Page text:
Several auto companies and parts suppliers in Mexico announced their plans to resume work!

Novel coronavirus pneumonia, the three Japanese carmakers, TOYOTA, Nissan and Honda, said that although the number of confirmed cases of new crown pneumonia remained high, the three auto companies would resume production in Mexico as Mexico’s auto industry had restarted with a broader economic recovery.
In mid May this year, the Mexican government said that if car companies can take safety measures in place, the auto industry will be able to resume production before June 1. The three Japanese companies have yet to announce the date of resumption of production. Toyota and Toyota said on May 25 that production would gradually resume. Honda said on May 22 that it had gradually resumed operations.
At the end of February, the epidemic spread to Mexico, where 68620 confirmed cases and 7394 deaths have been reported, leading some to believe that Mexico’s decision to restart the economy is too hasty. Last week, the governor of Puebla, where Volkswagen and Audi factories are located, said the industry was “not ready” to restart production.
On May 25, Volkswagen, the German car maker, said it would not resume production as long as the Puebla law was in force, although it had met the conditions set by the Mexican Federation to resume work.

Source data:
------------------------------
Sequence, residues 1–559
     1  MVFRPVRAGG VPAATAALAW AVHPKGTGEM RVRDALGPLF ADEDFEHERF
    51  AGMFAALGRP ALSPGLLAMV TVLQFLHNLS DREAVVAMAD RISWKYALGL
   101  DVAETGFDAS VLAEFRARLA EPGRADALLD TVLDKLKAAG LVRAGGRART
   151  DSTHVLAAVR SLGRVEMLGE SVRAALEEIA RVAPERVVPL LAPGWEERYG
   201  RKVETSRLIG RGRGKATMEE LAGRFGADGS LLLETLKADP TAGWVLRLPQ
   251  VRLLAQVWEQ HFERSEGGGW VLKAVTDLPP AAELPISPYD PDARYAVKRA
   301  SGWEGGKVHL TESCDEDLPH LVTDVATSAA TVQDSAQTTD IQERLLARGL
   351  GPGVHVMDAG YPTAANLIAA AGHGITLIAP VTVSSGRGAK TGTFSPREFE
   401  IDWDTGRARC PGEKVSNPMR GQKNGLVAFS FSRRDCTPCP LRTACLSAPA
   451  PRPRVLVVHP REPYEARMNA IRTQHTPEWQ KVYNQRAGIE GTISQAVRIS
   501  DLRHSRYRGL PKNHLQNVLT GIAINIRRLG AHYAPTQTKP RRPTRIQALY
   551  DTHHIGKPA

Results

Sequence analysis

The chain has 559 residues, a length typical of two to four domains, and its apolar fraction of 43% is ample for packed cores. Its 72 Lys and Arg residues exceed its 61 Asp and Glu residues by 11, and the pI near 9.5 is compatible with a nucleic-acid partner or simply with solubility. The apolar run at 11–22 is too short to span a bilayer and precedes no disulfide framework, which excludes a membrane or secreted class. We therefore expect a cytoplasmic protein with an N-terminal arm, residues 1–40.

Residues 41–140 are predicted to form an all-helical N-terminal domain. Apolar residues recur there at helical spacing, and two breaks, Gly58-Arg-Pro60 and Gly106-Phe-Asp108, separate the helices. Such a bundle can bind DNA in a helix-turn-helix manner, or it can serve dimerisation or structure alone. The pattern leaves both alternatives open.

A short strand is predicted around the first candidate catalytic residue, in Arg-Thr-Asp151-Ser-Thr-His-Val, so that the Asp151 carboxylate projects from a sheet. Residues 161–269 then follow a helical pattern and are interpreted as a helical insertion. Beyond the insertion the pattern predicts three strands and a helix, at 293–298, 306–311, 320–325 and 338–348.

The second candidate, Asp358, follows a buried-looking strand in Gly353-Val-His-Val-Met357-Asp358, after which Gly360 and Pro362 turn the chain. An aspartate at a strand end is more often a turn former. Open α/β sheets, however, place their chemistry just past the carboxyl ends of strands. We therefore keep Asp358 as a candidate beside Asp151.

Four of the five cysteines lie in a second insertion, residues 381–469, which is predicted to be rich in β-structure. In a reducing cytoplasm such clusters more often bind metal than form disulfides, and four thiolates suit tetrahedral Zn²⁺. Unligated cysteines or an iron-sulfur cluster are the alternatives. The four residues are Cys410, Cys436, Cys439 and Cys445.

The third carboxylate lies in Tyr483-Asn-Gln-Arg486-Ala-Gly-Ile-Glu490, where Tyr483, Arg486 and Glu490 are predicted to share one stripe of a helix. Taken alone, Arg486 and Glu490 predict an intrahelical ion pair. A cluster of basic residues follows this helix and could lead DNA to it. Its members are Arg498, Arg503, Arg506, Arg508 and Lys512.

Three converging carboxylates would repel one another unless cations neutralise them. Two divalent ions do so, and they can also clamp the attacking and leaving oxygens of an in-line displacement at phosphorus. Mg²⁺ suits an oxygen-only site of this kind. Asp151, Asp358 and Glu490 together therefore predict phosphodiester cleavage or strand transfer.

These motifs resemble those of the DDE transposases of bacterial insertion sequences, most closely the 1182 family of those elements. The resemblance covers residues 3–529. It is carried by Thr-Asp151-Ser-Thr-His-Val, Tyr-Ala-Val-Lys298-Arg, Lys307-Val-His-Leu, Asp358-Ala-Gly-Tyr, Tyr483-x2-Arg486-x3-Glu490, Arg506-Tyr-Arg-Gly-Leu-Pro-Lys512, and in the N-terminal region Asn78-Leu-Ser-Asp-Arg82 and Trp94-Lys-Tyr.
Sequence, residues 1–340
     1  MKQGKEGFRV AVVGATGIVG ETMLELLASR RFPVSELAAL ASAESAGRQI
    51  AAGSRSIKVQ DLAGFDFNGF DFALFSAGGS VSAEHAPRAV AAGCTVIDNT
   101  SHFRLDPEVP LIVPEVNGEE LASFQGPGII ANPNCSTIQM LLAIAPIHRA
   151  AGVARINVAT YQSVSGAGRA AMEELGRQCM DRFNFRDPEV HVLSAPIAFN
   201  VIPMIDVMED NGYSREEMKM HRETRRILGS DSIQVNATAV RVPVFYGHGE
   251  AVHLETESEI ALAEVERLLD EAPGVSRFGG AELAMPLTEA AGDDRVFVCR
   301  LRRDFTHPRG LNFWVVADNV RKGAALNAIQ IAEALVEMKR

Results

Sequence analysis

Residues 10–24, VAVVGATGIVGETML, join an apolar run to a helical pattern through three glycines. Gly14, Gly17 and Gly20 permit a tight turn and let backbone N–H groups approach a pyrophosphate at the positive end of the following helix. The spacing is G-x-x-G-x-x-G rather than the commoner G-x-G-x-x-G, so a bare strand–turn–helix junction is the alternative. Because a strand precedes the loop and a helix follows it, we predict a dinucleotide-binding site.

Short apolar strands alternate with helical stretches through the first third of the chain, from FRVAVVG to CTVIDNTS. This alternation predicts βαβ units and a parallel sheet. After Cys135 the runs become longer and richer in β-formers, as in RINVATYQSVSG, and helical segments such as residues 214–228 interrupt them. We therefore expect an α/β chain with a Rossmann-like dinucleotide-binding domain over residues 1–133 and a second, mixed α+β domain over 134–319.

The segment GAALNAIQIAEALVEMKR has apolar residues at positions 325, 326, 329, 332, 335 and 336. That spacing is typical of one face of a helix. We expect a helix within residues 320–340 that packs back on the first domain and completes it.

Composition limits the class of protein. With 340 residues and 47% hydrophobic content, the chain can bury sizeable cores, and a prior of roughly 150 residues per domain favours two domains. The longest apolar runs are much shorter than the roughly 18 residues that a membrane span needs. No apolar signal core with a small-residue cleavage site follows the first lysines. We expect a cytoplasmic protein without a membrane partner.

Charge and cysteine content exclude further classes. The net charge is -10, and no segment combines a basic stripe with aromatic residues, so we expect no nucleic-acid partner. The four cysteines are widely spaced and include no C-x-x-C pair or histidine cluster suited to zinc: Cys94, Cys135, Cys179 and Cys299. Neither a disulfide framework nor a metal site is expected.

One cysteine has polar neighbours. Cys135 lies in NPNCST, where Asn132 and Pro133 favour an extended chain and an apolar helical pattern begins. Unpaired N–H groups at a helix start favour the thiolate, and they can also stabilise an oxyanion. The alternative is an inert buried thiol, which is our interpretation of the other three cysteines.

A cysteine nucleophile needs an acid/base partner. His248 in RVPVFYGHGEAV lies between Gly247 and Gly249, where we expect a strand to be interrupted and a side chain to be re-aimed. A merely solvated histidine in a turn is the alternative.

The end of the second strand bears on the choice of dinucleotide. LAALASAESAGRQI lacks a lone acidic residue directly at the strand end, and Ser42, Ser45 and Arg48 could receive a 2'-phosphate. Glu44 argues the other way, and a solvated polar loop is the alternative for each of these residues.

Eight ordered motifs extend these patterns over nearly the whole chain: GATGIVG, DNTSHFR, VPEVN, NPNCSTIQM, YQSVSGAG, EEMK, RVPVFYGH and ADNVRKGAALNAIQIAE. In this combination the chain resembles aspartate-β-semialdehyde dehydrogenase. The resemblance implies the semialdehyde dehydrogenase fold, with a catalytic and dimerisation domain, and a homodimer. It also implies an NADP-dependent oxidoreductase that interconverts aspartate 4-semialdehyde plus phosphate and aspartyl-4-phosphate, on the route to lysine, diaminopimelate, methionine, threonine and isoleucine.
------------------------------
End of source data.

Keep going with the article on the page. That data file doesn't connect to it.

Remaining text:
On May 25, Lear, an American parts manufacturer, asked 600 of its employees to report at Rio Bravo factory in northern Mexico, which supplies products for Daimler and Ford. Earlier, the factory had an outbreak of a cluster of cases, resulting in the death of 18 employees.
Lear said safety precautions had been deployed inside the plant, and all of its Mexican plants had not yet restarted production. But three Lear employees revealed that they had begun to return to work at the Rio Bravo plant over the weekend. In a safety training message to workers, Lear said workers could receive a bonus of 300 pesos (about $13.3) per shift (12 hours) on Saturdays and Sundays.
On May 25, Michelin, a French tire maker, resumed operations at two Mexican factories and said it would stagger production shifts at the beginning of the resumption. The company said it would resume operations in the first quarter of this year based on global demand for Millin.